Loving Cup—Sometimes the person officiating the ceremony presents the couple with a single cup to drink from. This symbolized their unity together as one. Larry James writes, “The use of the wine cup or Loving Cup at a wedding is an ancient tradition. By the 15th century it was common for the Celtic people to toast each other with a ceremonial Loving Cup. In Scotland this cup is known as a quaich, which comes from the Celtic word cuach, meaning cup.” Read more about loving cups in his article, “Loving Cup Ceremony.

About the Author
Most of the above article is an excerpt from the ebook: How to Create a Beautiful Medieval Wedding by Rose Smith. Her website, is an excellent resource for couples looking for unique ideas when planning a themed wedding.
Edited by Gael Stirler. See more photos of Tamsyn and Joe's wedding in Barnsdale and more photos of Brad Sprauer's wedding in Scotland.

Originally published in May 2008 by Gael Stirler

Not-so Sexy History of Undies: From Loincloths to Lycra

Amanda Cotterill

Today, sexy panties range from bikinis to boy shorts to thongs and g-strings. Most women own a collection of sexy panties as a part of their basic wardrobes. However, today's panties are a relatively modern invention. Provided here is a guide to sexy undies through the ages.
Roman bather in apodesm and zona.–Pompeii

The loincloth is believed to have been the earliest form of clothing. In warmer climates, the loincloth was often worn as the only garment. In colder temperatures, however, the loincloth was generally worn as a protective under layer beneath heavier clothing. Both men and women wore loincloths, and the sole purpose is believed to have been comfort and protection, not sex appeal. Sexy panties had not yet been conceived.

Classical Period

The Greeks and Romans wore a loose t-tunic style garment under their peplos or chitons that was called the tunica intima. This tunic was often sleeveless. Underneath the tunic, women wore a bandeux of wool called a apodesm to secure their breasts and a girdle or zona of wool that was used to tuck and tie another sash between her legs. Until she was married the zona was tied in way that symbolized her chastity, and thus the first concept of a chastity belt arose.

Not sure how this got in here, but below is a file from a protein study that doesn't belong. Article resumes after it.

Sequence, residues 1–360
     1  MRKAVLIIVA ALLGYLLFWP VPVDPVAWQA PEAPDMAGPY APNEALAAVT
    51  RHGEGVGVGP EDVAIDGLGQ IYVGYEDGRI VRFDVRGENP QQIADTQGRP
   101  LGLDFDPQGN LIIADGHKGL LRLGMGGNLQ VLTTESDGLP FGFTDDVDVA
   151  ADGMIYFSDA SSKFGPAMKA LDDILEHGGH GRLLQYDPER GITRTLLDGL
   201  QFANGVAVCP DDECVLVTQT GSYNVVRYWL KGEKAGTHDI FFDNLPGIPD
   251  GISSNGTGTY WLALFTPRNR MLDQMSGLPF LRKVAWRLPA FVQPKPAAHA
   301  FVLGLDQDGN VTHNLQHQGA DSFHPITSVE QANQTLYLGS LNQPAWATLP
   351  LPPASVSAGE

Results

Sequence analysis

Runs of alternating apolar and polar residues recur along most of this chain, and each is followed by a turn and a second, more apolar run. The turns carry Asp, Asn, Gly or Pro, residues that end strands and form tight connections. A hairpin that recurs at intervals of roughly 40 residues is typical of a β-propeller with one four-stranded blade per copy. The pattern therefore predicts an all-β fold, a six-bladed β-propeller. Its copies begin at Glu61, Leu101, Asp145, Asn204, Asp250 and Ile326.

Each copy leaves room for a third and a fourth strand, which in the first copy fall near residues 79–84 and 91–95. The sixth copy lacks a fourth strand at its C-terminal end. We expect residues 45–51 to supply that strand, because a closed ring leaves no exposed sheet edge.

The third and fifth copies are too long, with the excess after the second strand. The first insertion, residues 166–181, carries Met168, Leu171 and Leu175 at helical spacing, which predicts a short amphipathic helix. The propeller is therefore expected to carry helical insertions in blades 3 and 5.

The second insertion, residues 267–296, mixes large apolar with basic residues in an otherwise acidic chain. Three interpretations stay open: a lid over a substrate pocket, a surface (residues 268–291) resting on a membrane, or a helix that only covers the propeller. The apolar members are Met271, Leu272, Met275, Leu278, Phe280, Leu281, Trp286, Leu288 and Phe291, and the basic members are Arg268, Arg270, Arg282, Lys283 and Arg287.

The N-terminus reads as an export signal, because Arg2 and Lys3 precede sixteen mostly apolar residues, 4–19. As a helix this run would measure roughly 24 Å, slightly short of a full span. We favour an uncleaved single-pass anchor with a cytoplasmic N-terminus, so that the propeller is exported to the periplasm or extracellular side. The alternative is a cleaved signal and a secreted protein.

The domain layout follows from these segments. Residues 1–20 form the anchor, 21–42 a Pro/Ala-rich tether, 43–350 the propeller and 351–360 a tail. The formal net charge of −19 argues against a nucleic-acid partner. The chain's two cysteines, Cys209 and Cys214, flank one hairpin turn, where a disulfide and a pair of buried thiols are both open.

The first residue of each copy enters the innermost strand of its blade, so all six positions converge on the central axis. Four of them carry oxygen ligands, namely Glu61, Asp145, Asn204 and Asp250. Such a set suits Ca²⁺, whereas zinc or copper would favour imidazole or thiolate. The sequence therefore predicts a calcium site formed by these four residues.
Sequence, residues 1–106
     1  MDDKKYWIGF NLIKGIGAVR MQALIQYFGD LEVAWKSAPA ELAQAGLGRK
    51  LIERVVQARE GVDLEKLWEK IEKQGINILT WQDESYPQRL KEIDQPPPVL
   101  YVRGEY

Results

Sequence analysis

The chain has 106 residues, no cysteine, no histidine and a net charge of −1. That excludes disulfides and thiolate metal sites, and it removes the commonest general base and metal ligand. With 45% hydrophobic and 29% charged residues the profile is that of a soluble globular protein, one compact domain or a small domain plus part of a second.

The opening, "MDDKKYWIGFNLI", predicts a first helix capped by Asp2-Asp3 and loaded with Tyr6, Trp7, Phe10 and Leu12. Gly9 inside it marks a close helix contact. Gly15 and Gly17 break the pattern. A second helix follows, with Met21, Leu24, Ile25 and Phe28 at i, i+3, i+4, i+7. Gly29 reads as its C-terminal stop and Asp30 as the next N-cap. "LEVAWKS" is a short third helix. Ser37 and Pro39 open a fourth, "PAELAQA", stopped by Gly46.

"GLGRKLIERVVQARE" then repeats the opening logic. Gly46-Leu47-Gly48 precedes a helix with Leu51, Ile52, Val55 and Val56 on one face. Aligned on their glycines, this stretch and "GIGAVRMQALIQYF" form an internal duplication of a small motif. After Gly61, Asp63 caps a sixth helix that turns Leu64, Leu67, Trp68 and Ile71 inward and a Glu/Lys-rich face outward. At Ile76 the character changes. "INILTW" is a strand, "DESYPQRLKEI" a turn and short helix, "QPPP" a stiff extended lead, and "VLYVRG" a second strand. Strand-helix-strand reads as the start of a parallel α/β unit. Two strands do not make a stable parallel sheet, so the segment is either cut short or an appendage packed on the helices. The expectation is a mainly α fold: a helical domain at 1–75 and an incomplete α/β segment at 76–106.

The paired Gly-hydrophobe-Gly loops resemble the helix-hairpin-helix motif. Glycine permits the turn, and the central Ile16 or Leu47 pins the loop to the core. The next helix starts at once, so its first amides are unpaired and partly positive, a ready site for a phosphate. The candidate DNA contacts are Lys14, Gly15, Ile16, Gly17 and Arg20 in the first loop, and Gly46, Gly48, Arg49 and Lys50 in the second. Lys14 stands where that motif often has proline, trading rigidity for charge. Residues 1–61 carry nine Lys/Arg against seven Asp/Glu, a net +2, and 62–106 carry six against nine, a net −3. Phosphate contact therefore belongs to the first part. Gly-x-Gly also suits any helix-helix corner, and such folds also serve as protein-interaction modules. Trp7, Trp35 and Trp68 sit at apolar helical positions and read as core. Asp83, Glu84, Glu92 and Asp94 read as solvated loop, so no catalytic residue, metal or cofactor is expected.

A 14th C. field worker has tucked up his tunic. You can see his braise and turned down hosen. –the Rich Hours of the Duke du Berry


In the Middle Ages, both men and women wore a type of short pants called braies with leggings known as chausses or hosen. Again, the purpose was functional, not sexual. These leggings covered the feet and were made of woven, not knitted, fabric cut on the bias. They were held up with garters tied around the small of the leg just under the knee. In hot weather the chausses could be worn rolled down over the garters exposing the legs from knee to thigh. The rest of the time they were worn pulled over the thighs and tied to a waist cord.
14th C. woman in chemise and kirtle
The most common medieval women's undergarment was the chemise, a long gown usually made of linen or wool with long loose-fitting sleeves. During the Gothic age when dresses had very narrow sleeves, the chemise was made without sleeves. Over the chemise a tight, front-laced vest called a "pair of bodies" or bodice secured the breasts and provided a foundation for the fashionable outer garments. When the bodice had an attached skirt, it was called a kirtle. The bodice was the forerunner of the corset and the modern girdle. In the Middle Ages "girdle" simply meant belt.

Chastity belts are often associated with the Crusades, but this appears to be largely a mythological connection. Chastity belts appeared during the Renaissance, but were often worn by women trying to guard themselves against sexual assault rather than being imposed on them by jealous husbands.

Marie AntonietteThe Age of Corsetry